Like most middle-aged people, I’ve made sporadic attempts to “get in shape” and “drop a few pounds.” (And by a few, I mean 20).
I’ve tried everything from long-distance bike riding to Wii Fit and Tae Bo.
A few years ago, I read somewhere that the best “fat-burning” exercises are those in which you bear your own body weight, such as walking or running, as opposed to swimming or bicycling.
Up until that point, I didn’t run unless, as the jokesters say, I was on fire or a violent criminal was chasing me. And I certainly would never have dreamed of paying some organization so I could jog in some so-called “fun” run.
Last year, my niece challenged her dad (my brother) and me to compete with her in our first-ever 5Ks. By summer’s end, I had managed to complete four or five.
Now, she wants to do a 10K, a half-marathon and, in January 2016, the Disney full marathon.
Admirable goals, thought I. January 2016? That gives me plenty of time to train.
And save money for a trip to Disney World.
So here was my plan: each day, I would throw all my leftover change and a dollar for each workout I completed into a coffee can, with hopes that I’d have a good share of a trip to Disney funded by January 2016.
Here’s how much I’ve saved since Dec. 1: $5.86. This isn’t going very well.
Part of the problem is that the weather turned cold and snowy the first week of December, and there has been no change since then.
I have a membership at Snap Fitness, but it seems that most days, it’s snowing, blowing, icy or the windchill factor is in the danger zone.
Somehow, risking my life to drive to a fitness facility to get healthy seems … I don’t know: Counter-productive? Ironic? Stupid?
And it’s dangerous to try to run outside in this weather. In fact, the longest walk I’ve taken this winter is from my back door to my garage.
So here’s the deal: as a transitional step from a 5K to a 10K, my niece and I signed up for a 7K in the Twin Cities that’s set for March 15.
Last weekend marked four weeks until the big event, and I decided I’d better get serious about training. I trained two days, then caught the head cold of all head colds, which has set me back another week. I’m not coordinated enough to run on a treadmill, cough, sneeze and blow my nose all at the same.
Just as I was start to feel better, Friday’s blizzard scrapped my plans again.
Saturday, I drove to the Twin Cities to pick up my 7K packet so I could save $13 bucks in shipping.
I left about noon, hoping that the plows had been out again and that the sun had gone to work on the road salt.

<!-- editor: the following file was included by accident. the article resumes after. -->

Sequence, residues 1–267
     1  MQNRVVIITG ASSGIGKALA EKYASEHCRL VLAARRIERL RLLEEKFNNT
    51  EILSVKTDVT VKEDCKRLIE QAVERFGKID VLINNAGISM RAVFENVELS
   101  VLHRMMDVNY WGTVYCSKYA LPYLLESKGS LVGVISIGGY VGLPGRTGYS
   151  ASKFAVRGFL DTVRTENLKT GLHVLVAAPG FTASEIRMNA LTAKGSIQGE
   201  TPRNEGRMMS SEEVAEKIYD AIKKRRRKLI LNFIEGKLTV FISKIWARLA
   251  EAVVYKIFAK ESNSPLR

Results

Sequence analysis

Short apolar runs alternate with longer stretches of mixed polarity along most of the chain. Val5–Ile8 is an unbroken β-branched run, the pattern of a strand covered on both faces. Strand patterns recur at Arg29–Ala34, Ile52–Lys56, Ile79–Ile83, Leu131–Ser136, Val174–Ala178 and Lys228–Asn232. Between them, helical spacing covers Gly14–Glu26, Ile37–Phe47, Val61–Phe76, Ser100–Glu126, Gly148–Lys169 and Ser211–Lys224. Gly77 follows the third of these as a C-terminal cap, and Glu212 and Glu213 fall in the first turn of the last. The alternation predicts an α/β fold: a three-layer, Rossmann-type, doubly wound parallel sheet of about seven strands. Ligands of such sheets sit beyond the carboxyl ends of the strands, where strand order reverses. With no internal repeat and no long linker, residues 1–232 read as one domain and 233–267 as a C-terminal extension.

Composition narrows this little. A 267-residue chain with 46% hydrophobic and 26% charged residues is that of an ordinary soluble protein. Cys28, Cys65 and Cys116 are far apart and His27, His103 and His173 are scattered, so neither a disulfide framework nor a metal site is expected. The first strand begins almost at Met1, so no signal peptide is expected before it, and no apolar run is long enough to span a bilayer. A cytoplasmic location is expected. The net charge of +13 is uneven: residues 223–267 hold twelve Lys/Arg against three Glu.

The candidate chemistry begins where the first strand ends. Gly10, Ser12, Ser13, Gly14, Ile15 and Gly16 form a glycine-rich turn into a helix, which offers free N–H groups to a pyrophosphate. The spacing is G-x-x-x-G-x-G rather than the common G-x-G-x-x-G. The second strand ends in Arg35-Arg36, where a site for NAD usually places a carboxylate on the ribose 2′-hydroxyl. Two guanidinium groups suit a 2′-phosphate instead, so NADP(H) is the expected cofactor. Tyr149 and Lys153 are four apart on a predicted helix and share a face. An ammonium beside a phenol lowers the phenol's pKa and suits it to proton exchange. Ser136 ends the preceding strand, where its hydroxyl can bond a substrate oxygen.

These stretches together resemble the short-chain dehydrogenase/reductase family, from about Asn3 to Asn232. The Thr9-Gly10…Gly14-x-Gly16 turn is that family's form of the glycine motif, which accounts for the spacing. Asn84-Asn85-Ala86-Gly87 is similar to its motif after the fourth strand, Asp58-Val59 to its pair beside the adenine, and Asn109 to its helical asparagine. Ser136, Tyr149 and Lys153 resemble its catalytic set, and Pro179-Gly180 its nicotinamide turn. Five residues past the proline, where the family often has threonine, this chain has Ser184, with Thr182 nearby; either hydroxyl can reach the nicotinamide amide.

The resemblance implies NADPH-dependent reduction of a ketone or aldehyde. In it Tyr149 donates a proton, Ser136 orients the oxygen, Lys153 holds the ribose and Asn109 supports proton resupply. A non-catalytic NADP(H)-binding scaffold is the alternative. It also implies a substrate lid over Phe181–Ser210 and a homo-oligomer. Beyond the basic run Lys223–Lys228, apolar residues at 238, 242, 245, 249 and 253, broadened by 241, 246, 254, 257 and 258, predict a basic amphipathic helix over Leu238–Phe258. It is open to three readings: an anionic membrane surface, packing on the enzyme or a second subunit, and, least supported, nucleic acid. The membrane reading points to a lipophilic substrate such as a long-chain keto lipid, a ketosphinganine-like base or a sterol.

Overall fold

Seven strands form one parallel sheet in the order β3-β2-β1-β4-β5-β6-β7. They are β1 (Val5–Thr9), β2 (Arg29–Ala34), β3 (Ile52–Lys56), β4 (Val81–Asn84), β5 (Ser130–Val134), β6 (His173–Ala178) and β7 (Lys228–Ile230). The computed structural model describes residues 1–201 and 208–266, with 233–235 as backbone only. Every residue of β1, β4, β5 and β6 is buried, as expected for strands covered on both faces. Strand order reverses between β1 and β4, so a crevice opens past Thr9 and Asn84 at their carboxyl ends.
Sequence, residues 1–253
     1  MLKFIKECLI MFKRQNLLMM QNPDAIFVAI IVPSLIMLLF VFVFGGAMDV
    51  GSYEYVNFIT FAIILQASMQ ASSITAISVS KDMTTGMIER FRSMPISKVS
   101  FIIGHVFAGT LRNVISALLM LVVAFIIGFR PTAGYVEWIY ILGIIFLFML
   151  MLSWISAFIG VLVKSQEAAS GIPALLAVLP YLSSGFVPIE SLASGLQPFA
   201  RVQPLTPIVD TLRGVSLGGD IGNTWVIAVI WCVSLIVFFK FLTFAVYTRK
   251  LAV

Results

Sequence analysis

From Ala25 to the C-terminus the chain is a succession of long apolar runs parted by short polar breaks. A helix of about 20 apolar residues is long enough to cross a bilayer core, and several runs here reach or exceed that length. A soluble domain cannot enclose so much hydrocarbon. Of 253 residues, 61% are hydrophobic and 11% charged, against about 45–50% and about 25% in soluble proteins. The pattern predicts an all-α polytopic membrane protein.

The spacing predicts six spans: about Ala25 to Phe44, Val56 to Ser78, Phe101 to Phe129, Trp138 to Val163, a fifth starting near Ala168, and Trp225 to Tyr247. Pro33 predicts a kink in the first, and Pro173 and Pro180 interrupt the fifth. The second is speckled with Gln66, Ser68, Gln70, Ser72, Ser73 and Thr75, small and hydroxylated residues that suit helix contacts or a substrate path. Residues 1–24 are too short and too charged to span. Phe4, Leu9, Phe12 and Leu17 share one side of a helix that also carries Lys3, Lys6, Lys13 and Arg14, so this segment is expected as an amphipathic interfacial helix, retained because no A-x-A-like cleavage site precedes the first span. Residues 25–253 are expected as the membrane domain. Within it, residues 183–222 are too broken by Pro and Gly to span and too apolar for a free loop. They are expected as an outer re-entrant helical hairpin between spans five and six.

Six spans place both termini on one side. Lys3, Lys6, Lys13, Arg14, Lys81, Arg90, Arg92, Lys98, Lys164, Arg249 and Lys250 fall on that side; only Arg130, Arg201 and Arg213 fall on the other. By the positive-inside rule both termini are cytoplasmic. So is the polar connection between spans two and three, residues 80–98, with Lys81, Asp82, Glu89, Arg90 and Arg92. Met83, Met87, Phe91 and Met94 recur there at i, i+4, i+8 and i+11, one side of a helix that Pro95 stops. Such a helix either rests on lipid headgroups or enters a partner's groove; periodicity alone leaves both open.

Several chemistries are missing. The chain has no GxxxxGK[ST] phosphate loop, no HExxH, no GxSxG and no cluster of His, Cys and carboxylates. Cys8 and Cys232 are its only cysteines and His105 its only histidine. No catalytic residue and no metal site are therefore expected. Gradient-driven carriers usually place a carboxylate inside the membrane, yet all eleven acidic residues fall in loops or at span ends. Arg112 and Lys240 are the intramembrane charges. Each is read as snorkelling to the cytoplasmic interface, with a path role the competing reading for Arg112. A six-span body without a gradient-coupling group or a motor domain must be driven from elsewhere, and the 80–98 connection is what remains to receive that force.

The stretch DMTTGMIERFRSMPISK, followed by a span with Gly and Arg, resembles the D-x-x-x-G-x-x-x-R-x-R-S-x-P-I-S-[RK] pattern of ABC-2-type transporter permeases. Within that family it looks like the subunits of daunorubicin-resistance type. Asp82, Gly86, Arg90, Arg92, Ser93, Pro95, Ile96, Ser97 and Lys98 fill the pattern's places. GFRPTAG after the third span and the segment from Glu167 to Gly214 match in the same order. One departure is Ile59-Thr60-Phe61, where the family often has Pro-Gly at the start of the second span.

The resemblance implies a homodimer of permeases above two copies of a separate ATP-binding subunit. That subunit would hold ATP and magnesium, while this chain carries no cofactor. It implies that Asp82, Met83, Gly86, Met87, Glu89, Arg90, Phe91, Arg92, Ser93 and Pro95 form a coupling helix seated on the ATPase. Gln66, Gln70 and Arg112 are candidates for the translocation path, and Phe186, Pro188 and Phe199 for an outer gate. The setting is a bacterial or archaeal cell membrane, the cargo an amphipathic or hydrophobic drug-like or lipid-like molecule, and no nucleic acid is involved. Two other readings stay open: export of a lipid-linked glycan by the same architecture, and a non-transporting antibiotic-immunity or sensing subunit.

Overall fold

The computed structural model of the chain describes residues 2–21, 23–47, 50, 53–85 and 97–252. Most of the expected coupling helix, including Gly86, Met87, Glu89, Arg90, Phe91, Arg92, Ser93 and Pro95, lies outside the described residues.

The trip wasn’t bad until I reached the stretch between Norwood Young America and Cologne, during which I once again found myself risking life and limb and for what? To run in a stupid race that I paid to run in.
Traffic pretty much crawled all the way to Roseville, where I was to pick up my race packet at a sporting goods store.
As I merged onto a ramp to get off Highway 36, traffic came to a standstill. From the ramp, I could see why: the driveway to the sports store parking lot was up a steep incline. As I slowly crept forward, I watched several cars back down to the bottom of the hill and then gun it back up to the top.
When my turn finally came, I pushed a little button on my dashboard that has a little drawing of a car with skid marks. I have no idea what it does as I’ve only owned the car for 16 months and haven’t had time to look it up. I was hoping it was an anti-skid something or other.
Anyway, my little Corolla scooted right up the hill, at the top of which an alarm went off, making my heart rate jump into its training zone, where it hasn’t been since November.
I found a parking spot and locked the car, noticing that my once shiny black car was now white with road salt and had ice-encrusted snow boogers hanging from the wheel wells. I tried to kick one off and nearly broke my toe.
I picked up my stuff and headed out. As I got to the driveway on the frontage road, I noticed a car trying unsuccessfully to barrel its way up the hill. The driver in front of me, who was headed out, had her window rolled down and was yelling, “I think I can, I think I can,” after which she’d howl with laughter.
I finally tooted my horn, which in a Corolla sounds like about as threatening as a Fisher Price toy. She yelled something at me but, fortunately I had the window rolled up and the radio on.
Four hours after my journey began, I was back home, sitting in my car in the garage, debating whether I should grab my gym bag and head to Snap Fitness for a run.
Nah, I thought. I’m too stressed out from the drive. Maybe tomorrow. Or Monday. For sure, Tuesday.